DNA replication. The double helix is unwound by a helicase and topoisomerase. Next, one DNA polymerase produces the leading strand copy. Another DNA polymerase binds to the lagging strand. This enzyme makes discontinuous segments (called Okazaki fragments) before DNA ligase joins them together.


Further information: DNA replication

Cell division is essential for an organism to grow, but when a cell divides it must replicate the DNA in its genome so that the two daughter cells have the same genetic information as their parent. The double-stranded structure of DNA provides a simple mechanism for DNA replication. Here, the two strands are separated and then each strand's complementary DNA sequence is recreated by an enzyme called DNA polymerase. This enzyme makes the complementary strand by finding the correct base through complementary base pairing, and bonding it onto the original strand. As DNA polymerases can only extend a DNA strand in a 5′ to 3′ direction, different mechanisms are used to copy the antiparallel strands of the double helix.[62] In this way, the base on the old strand dictates which base appears on the new strand, and the cell ends up with a perfect copy of its DNA.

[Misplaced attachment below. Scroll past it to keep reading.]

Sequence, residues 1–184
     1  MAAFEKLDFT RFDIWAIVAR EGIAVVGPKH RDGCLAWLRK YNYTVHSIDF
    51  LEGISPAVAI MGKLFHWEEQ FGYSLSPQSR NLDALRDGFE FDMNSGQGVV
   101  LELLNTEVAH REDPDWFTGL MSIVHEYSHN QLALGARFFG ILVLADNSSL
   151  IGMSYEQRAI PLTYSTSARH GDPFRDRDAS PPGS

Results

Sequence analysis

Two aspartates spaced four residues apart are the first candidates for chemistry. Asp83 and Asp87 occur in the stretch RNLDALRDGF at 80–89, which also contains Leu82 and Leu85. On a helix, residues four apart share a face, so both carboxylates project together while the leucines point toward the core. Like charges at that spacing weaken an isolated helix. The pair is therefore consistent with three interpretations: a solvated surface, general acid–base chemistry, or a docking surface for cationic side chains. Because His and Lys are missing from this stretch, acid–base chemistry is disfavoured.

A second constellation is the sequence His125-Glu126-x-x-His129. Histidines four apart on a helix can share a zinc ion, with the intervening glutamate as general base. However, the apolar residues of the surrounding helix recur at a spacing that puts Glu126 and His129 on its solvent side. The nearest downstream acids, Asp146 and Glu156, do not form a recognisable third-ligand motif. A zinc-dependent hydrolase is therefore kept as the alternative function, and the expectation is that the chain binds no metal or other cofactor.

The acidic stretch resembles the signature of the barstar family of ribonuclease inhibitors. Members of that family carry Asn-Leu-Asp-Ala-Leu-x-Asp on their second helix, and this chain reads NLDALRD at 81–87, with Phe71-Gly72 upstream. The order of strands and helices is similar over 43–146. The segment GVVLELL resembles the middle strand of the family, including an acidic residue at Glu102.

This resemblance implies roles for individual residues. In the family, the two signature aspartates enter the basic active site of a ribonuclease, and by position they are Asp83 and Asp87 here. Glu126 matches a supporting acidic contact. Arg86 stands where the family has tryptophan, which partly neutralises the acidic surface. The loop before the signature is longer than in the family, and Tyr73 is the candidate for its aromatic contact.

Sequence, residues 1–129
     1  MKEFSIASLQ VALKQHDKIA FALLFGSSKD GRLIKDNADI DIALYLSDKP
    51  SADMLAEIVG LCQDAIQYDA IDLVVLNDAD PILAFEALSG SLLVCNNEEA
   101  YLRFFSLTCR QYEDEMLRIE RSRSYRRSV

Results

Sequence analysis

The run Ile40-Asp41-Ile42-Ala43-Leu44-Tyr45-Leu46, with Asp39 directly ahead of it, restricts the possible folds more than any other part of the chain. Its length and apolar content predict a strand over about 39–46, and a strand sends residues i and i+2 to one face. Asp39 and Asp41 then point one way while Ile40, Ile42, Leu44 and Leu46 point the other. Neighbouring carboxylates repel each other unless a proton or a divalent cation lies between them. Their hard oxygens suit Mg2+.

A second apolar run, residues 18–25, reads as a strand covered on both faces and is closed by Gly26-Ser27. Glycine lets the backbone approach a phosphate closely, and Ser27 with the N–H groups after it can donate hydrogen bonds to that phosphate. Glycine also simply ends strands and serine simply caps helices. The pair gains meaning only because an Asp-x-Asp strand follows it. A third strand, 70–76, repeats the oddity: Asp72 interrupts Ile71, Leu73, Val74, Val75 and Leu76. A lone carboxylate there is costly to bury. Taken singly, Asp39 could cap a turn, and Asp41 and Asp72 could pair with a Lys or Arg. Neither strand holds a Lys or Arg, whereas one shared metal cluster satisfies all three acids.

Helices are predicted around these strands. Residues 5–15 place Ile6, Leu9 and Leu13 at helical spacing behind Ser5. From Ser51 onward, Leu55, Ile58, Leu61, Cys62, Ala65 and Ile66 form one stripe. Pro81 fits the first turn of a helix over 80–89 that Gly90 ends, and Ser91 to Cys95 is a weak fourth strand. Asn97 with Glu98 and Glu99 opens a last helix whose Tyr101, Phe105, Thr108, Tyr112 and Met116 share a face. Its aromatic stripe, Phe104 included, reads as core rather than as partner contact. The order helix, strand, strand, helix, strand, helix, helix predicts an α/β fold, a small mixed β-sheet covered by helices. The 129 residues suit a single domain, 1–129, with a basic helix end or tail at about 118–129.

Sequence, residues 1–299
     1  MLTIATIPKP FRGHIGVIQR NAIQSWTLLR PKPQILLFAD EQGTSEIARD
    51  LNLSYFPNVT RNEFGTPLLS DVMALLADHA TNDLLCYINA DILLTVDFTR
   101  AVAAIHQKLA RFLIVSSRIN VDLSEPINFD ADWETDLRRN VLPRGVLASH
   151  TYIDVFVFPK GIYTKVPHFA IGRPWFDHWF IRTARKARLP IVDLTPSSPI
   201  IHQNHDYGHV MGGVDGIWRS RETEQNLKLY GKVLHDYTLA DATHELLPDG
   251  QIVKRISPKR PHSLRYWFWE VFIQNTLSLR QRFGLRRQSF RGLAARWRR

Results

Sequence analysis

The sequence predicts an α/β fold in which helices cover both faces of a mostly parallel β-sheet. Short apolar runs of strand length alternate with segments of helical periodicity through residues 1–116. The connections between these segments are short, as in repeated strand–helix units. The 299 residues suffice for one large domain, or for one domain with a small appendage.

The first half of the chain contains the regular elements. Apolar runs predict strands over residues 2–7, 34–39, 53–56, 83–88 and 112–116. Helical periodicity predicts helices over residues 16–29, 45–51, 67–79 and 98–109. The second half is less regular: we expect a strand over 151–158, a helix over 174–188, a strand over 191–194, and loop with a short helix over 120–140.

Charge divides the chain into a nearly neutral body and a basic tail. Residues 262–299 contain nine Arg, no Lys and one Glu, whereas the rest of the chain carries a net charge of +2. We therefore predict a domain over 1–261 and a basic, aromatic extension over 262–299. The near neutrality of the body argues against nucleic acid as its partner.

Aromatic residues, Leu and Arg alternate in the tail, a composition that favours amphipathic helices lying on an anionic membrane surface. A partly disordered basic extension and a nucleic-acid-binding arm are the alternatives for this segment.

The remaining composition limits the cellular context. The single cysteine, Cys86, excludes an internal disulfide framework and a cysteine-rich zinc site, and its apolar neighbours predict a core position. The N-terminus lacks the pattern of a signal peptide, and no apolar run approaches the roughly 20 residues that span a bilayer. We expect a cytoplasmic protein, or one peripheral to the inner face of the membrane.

Interactions with proteins

All the functions of DNA depend on interactions with proteins. These protein interactions can be non-specific, or the protein can bind specifically to a single DNA sequence. Enzymes can also bind to DNA and of these, the polymerases that copy the DNA base sequence in transcription and DNA replication are particularly important.

Molecular and biomolecular monolayers on diamond as an interface to biology

Covalent modification of diamond surfaces with molecular monolayers serves as a starting point for linking biomolecules such as DNA and proteins to surfaces. DNA-modified diamond surfaces show excellent selectivity for hybridization with complementary vs. noncomplementary sequences and outstanding stability. These biomolecular recognition events also lead to changes in the conductivity of the interface via a molecular field effect in which the negative charge on the DNA molecules alters the conductivity in the diamond thin film. Chemical modification of the diamond with ethylene glycol oligomers leads to surfaces that effectively resist the nonspecific adsorption of proteins and other biomolecules to the surface. These outstanding physical and chemical properties of chemically modified diamond surfaces present new opportunities for the use of diamond thin films in biological applications.